Kirsten AL, one of our horsemanship volunteers, has been working with Bijou the past several months, and has had the following to say about their time spent together:

What a fun horse to work with! In both being a gem with a heart of gold and a challenge with her set ways, Bijou doesn’t ever fail to impress with how attentive and sensitive she is. She has a huge willingness to try and willingness to learn.

In being assigned to Bijou in mid-November and in working with her 3 times per week, there have been some improvements with the following. Thank goodness because during our first lesson in the round pen, Bijou was a crazy lady and exhibiting tons of bucking and kicking and ‘was a lot to watch’. She has come a long way from that point!

· The most important progress for Bijou is learning to be a less pushy horse that now attentively watches for you to stop, turn and back up. It was when Terry was showing her to a potential adopter that I was reminded that shifting shoulders back is a cue to backing a horse prior to an ask with the rope or moving your feet. Bijou has picked up this piece of the shoulder shift as well as leading from a distance with a long rope. She is also able to back while facing her with just a slight movement of the rope as well as waits patiently and for long periods until you are ready to move. She also exits the stall patiently and attentively rather than her old M.O. of blowing past you as she raced out of the stall. With Bijou as a safer horse to lead for all volunteers both in and outside of the barn, her potential for a happy adoption is that much closer.

· The farrier, Lisa, remarked that Bijou is now better at picking up her front feet willingly. With guidance from Terry in learning to use a rope and much repetitive practice, Bijou has learned also to not pull her front feet away from you, is able to hold a hoof up for extended periods, isn’t alarmed with banging on her foot (mimicking the use of a hammer while getting shod) and shifts her weight to the other feet and off of the one you are lifting up. She has even been seen to give you her right foot as you move in that direction!

· Moving from walk to trot to lope and back down with as little ask as possible has been a surprising lesson learned. It only takes a slight sound or movement to get her to increase her gait. This big girl likes to move in the round pen and burn off some pent up energy resulting from stall and paddock life. Seldom does a flag need to be used as she is quite sensitive to being asked. This also makes the release that much more important, for which she is also looking for and will slow her gait accordingly.

In moving around the round pen, Bijou has the biggest challenges with her right eye. She willingly moves off the fence and towards you with her left eye, but not the right. Recently, with Terry’s suggestion to be ‘less creepy and more black and white’, I’ve paid close attention to giving clear direction and quick, meaningful releases to assist in Bijou’s challenges with her right eye. It is still my hope to learn the ability to teach in a black and white method and to hear others in action demonstrate this skill that could help in many circumstances and serve many horses and trainers well. Terry also mentioned the need for the following which I’ve incorporated to the best of my abilities;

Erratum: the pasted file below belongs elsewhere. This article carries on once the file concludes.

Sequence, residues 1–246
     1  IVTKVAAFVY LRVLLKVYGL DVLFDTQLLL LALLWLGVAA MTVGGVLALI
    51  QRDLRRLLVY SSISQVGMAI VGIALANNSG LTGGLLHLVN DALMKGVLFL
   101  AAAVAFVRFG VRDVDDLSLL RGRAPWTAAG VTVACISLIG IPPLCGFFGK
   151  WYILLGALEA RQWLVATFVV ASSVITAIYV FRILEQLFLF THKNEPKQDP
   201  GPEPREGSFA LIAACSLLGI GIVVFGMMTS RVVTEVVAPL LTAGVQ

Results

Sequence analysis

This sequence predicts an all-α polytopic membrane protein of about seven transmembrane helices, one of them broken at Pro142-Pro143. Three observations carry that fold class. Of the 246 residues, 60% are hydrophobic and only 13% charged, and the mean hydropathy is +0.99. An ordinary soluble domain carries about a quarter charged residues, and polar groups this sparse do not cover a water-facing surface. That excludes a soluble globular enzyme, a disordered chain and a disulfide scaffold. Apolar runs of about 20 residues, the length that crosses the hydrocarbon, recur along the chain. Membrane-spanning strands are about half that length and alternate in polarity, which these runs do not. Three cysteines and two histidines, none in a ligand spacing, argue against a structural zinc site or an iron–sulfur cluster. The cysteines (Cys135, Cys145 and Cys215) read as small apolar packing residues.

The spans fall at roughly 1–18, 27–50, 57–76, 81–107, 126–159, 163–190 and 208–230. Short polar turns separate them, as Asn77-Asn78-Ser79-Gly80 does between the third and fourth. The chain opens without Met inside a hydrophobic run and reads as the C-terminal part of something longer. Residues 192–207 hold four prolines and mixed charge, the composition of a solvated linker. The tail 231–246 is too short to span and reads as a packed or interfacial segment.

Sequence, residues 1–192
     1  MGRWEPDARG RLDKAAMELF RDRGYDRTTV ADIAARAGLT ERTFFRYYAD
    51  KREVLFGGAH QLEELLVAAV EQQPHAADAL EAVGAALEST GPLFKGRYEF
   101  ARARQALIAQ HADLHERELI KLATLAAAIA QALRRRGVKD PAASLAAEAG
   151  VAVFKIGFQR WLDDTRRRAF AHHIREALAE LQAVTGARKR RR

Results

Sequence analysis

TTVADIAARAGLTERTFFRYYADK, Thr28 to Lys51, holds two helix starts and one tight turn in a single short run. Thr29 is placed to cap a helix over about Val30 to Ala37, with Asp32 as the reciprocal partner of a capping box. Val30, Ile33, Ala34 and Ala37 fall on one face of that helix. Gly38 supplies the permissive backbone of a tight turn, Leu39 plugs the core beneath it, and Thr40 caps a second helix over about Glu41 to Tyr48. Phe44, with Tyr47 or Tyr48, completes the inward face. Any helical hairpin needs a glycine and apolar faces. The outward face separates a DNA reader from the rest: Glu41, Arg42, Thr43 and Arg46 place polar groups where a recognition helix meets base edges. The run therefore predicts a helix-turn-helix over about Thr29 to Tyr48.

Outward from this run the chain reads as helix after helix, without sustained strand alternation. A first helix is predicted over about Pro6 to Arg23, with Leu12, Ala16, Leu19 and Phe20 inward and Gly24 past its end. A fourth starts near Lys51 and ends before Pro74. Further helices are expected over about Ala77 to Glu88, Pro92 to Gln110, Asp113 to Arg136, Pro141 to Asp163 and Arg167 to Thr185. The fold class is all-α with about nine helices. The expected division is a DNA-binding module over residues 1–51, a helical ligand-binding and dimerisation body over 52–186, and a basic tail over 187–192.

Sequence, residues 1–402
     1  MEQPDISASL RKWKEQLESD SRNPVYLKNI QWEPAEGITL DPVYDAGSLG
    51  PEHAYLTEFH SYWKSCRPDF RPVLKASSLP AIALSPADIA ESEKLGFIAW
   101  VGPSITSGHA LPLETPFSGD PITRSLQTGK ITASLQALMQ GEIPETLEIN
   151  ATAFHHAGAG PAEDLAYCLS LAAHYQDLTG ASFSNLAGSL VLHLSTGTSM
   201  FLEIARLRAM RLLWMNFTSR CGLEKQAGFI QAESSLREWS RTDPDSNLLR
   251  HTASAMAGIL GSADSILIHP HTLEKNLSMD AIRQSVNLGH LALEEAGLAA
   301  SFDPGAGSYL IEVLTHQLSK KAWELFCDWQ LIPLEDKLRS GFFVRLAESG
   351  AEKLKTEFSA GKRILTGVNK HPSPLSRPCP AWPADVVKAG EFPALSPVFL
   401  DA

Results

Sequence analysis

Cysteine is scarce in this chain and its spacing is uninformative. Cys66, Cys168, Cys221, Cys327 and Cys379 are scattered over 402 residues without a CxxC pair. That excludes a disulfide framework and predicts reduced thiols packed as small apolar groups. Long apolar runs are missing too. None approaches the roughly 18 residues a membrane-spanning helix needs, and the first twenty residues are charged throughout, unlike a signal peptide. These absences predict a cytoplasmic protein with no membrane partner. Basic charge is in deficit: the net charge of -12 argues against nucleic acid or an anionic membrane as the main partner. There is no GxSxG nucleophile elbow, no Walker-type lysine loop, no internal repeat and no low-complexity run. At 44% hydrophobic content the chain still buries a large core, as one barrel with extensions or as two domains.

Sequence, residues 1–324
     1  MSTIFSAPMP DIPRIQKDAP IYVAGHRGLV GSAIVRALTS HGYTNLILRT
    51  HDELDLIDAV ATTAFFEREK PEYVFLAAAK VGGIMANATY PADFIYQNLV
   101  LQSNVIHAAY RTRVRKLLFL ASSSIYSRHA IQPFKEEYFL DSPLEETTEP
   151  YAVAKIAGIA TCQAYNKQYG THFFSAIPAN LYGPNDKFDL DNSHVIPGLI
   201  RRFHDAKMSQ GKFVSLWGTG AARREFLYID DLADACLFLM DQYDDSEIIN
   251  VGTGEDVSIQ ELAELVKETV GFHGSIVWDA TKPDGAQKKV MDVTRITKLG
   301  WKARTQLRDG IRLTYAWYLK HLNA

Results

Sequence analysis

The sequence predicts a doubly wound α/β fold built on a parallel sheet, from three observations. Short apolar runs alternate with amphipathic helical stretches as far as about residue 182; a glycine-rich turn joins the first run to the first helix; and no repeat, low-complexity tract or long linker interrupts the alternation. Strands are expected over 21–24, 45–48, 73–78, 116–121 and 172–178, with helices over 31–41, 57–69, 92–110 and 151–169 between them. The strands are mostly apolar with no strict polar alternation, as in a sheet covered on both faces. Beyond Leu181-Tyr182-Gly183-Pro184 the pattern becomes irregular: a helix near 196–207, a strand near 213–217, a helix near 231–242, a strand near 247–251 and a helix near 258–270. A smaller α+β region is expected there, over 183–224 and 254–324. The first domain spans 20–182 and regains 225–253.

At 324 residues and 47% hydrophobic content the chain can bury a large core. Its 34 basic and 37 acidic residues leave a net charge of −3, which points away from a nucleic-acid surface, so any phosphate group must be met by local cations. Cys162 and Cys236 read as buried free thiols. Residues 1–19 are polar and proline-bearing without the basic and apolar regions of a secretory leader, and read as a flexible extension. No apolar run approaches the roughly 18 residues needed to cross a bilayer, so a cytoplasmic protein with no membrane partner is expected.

•  Move quickly away from the horse to demonstrate a clear, apparent release and to “pull” the horse toward you
  •  Increase “the ask” to move forward and decrease “the chasing” to move forward

With suggestions from Candi; more trouble shooting with Bijou’s ability to come toward you from the fence with her right eye resulted in a recent win with Bijou happily walking all the way across the round pen toward me and my ability to quickly approach her right eye to catch her ‘like the barn is on fire’ but in a “non-greedy” manner.

Lesson learned from Lily, ‘progression is not linear’, which is always a good reminder for patience in the process and the twists and turns in learning new skills for both horse and human.

Work in progress include;

  • Picking up back feet with a rope and then more safely with hands
  • Continuing to assist Bijou to turn in and walk forward from the fence with both eyes
  • Increase the use of short transitions between gaits to create a more pleasing expression and decrease pinning ears and a cranky face
  • Moving through the isle of the barn when other horses are absent to increase her confidence in this space

It is with lots of licking and yawning (Bijou’s – not mine) that most sessions with Bijou end as well as a sweet face rub and affectionate head hold. I’m fortunate to work with and learn from Bijou to best help her find a forever pasture in which she will be adored.”